I was so filled with anger when I heard the news about President Trump revealing highly classified information to the Russians that I had to sleep on it before writing this article, lest it would come across as an emotional screed. As a former professional intelligence officer, I have been involved in several situations overseas where an individual revealed classified information to a third party without authorization.
In my experience, this usually happens when an ambassador reads an intelligence report and then calls the individual mentioned in the report to confirm the information without thinking of the consequences. I have been left to clean up the mess from the ensuing counterintelligence investigation launched by the host government. Thus, this type of thing is something I have very strong feelings about. Now, after a good night's sleep, I can deal with the situation in a relatively calm and rational manner.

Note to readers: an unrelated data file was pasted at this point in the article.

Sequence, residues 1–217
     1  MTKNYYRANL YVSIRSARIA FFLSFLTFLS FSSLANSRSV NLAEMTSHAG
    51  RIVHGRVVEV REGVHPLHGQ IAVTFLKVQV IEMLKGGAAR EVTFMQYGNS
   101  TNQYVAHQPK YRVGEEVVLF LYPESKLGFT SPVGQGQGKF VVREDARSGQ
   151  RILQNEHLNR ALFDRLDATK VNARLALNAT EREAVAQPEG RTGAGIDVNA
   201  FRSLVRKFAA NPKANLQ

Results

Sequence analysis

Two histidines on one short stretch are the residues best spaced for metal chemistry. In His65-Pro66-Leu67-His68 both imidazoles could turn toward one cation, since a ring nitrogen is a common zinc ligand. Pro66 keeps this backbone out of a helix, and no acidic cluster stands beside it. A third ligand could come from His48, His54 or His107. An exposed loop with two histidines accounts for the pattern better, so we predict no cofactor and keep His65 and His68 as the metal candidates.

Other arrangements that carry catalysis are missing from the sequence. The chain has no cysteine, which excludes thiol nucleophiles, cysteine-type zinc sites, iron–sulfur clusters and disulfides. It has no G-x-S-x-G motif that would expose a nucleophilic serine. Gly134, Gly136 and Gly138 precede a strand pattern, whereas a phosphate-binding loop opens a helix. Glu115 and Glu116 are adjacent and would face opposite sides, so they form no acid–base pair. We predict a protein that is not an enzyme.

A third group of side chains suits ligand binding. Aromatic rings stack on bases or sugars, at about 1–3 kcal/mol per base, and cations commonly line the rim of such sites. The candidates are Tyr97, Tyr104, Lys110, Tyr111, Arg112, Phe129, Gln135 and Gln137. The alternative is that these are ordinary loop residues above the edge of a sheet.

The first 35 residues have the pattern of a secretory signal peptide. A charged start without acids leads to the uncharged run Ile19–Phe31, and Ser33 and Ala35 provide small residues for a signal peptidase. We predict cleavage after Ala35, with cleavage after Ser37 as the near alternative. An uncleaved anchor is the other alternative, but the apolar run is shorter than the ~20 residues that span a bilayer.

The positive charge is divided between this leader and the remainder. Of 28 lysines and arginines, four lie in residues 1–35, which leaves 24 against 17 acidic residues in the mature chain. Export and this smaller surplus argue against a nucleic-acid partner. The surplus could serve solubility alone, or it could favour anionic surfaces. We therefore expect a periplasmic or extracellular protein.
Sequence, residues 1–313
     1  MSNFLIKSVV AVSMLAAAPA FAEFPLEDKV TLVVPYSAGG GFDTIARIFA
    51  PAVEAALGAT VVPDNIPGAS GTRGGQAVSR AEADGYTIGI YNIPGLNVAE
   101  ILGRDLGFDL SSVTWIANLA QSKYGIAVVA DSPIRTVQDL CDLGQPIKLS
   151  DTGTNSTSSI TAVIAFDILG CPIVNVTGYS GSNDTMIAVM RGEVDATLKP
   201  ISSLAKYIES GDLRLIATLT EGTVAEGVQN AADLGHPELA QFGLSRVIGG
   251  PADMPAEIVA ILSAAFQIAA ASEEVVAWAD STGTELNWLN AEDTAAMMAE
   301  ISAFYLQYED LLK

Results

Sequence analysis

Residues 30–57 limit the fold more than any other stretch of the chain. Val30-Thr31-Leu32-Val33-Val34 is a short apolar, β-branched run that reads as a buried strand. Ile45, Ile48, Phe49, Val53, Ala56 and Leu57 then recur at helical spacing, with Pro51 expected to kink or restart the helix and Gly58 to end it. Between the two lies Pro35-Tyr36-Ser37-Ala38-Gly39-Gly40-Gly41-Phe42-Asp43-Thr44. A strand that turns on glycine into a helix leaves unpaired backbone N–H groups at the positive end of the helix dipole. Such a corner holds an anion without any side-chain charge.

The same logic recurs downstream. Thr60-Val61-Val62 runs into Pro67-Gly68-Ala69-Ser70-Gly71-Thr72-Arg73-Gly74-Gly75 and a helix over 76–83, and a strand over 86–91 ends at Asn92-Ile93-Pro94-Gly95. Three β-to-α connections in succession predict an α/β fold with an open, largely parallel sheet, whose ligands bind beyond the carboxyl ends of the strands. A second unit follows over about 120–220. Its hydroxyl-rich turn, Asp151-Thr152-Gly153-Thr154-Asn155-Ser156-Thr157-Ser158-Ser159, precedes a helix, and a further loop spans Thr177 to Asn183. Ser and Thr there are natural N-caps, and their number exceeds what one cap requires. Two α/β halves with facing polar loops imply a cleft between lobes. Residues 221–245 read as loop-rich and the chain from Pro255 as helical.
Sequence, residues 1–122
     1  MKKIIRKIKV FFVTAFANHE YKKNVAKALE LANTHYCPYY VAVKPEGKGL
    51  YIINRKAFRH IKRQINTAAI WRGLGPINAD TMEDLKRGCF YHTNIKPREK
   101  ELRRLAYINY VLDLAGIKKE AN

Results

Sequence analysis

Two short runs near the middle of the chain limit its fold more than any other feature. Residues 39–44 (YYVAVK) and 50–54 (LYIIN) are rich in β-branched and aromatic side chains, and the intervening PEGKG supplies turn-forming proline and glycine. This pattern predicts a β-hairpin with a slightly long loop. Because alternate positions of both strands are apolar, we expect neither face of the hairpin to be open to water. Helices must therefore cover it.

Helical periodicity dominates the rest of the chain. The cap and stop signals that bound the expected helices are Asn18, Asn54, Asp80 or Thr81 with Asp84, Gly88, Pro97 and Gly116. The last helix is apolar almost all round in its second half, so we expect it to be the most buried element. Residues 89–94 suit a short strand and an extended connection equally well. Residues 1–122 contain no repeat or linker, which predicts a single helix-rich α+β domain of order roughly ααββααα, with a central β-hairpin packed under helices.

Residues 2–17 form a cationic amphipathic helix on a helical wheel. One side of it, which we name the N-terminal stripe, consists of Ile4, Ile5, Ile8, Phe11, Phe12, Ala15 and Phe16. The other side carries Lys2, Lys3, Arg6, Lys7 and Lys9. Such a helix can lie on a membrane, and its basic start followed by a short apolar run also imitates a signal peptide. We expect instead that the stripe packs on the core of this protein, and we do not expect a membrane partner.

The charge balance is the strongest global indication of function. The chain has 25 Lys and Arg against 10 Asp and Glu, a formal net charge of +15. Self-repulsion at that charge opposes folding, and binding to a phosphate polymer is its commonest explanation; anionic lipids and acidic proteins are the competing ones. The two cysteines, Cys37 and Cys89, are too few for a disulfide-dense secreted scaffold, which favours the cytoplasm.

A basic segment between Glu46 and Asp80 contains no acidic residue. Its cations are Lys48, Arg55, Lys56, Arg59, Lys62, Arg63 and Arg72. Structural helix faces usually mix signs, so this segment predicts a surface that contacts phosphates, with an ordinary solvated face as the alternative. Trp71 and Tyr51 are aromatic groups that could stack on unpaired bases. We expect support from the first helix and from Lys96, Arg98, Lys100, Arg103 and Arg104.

As president, Trump has the legal right to declassify information and reveal classified information to his heart's content. He is the ultimate classifying authority. This, however, does not make it right; nor does it minimize the damage we are left with.
Trump did not act in the best interest of the United States when he revealed sensitive information on an Islamic State terror plot to the Russians. He has jeopardized a very important and likely unique source of intelligence into Islamic State plans and intentions, not to mention the important liaison relationship that led us to this information.
This makes it more difficult for the U.S. intelligence community to help protect Americans and the U.S. itself. Right now the Islamic State is conducting a counterintelligence investigation to find the source of this intelligence. If they have to, they will kill everyone involved in the operation just to plug the leak. The result is that we will go blind in this area, losing access to intelligence on this particular plot, and likely additional intelligence this source might have access to.
Luis Rueda is an OpsLens Contributor and retired CIA Operations Officer with over 28 years of experience in the clandestine service.
If you would like to write an op-ed for the Washington Examiner, please read our guidelines on submissions here.